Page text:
• bvs23bkv33 (unregistered)

    Article.isFristComment = !"frist".equals(1);

  • LCrawford (unregistered)

    In b4 those who will claim that Mainframes destroy the environment as part of the natural process and there is nothing to worry about.

  • (nodebb)

    TRWTF is using multiple technologies. If there's .NET involved, why use the mainframe anymore? Ditto for Advent Geneva which uses Unix and Windows (.NET/SQL) stacks. Why??!!!!

  • Bees (unregistered)

    This is why mocking frameworks exist.

  • (nodebb) in reply to Mr. TA

    If there's .NET involved, why use the mainframe anymore?

    Dunno, maybe there's a whole huge pile of business-related data in the mainframe (that needs to be kept up to date, blah blah blah), or warehouse management integration that runs on the mainframe, or a whole host of other reasons.

    Or turn the question on its head: If there's an existing mainframe, why use .NET?

  • RLB (unregistered) in reply to Mr. TA

    Because there are things a mainframe does better, and there are things .NET does better. If you can't grasp that, better stick to Arduino-for-everything.

  • (nodebb) in reply to Steve_The_Cynic

    "Or turn the question on its head: If there's an existing mainframe, why use .NET?"

    Exactly. Why? If you don't plan to decommission the mainframe, there's no need to complicate things by adding .NET to the mix.

  • (nodebb) in reply to RLB

    Exactly what do mainframes do better?

  • Tinkle (unregistered) in reply to Mr. TA

    There is no need to complicate things by doing things on the mainframe that are more suitable to being done in .NET

    They might not even have the source code/developer skills/licencing rights to update the software on the mainframe.

  • Tinkle (unregistered)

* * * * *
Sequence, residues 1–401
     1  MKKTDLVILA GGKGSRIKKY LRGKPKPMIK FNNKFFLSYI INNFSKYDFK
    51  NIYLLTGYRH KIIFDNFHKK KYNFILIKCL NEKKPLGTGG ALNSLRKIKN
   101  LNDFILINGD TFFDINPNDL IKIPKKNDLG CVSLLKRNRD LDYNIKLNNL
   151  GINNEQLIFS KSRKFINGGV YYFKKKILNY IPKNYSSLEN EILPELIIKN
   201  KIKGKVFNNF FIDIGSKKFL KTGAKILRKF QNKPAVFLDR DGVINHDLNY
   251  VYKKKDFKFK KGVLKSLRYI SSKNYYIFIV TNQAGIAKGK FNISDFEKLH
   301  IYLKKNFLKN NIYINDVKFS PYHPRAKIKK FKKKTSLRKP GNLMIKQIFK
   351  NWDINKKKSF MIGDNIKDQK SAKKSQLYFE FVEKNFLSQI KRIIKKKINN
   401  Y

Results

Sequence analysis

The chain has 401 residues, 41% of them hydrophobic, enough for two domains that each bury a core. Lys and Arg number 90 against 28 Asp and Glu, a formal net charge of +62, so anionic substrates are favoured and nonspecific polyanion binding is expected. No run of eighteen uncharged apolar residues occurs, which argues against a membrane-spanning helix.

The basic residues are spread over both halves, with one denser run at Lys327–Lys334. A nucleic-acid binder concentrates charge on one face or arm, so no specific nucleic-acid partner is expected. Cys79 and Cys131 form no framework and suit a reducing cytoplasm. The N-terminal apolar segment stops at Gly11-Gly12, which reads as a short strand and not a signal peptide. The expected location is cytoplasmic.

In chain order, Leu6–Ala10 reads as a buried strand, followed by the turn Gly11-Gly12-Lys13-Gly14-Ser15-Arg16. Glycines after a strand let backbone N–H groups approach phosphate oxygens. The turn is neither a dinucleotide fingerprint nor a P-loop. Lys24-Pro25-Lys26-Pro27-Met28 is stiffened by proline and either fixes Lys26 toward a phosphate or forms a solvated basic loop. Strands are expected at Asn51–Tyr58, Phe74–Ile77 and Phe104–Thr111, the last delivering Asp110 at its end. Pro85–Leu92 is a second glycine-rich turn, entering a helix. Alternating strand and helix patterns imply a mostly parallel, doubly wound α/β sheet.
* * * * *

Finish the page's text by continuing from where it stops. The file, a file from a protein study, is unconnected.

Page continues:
The real WTF is not having a test environment where 99% of the testing can be done. Admittedly you do need production when there is hardware involved that can not be accessed from the test environment - but that should have a known API that can be simulated to a degree.

  • Ruts (unregistered)

    TRWTF is commenters here that just have to decry mainframes, often without even knowing WTF they are!

  • Raj (unregistered) in reply to Mr. TA

    What mainframes do better than . net? Transactions, security, real multitasking, and usually a 30 or 50 years track record of keeping the business running.

    For instance, right now around 85% of all credit card transactions are processed by mainframes, and most advanced fraud detection mechanisms run on Z series.

    Since .net apps have a shorter shelf life than Chinese farmed fish it's unlikely we'll witness a huge transition to windows for banking anytime soon.

    Keep working on your SharePoints and razr shopping carts, and let serious people handle serious money on serious tech.

  • my name is missing (unregistered)

    We have a single test environment into which every team's stuff is dumped ready or not, and everything is interdependent: what can possibly go wrong.

  • (nodebb) in reply to Raj

    Every thing you listed can be handled by modern software stacks, including WINS: "Transactions, security, real multitasking". I agree that for legacy reasons, mainframes handle certain workloads. What I don't get is the lack of managerial foresight. It goes like this, somebody heard .NET, wants to add it to their resume, and there's no thought given to how the system will function eventually. It's more of a monkey level thinking, heard a buzzword now, react to it now.

  • (nodebb) in reply to Raj

    I particularly love the disdain you have for .NET. If you want a technology to hate, there are PHP and Python for that. Get on with the times.

  • Guest (unregistered) in reply to Mr. TA

    The company spent X million dollars on a system back in 1979 and it still works. They also want to have interfaces that don't look like they came from 1979 for their employees to use. So you have a mainframe on the back end and put together a web or C# or whatever front end.

    This is probably the majority of software development that is done today - people writing new systems that have to communicate with "legacy" systems. Especially for banks and insurance companies - who know how to squeeze every single penny out of investments that they make.

  • Klimax (unregistered) in reply to Raj

    You don't need mainframes for any of that. Hilarious that you included "real multitasking". Nowadays the only reason for mainframes to exist is for their vendors to print money from contracts with forgotten companies.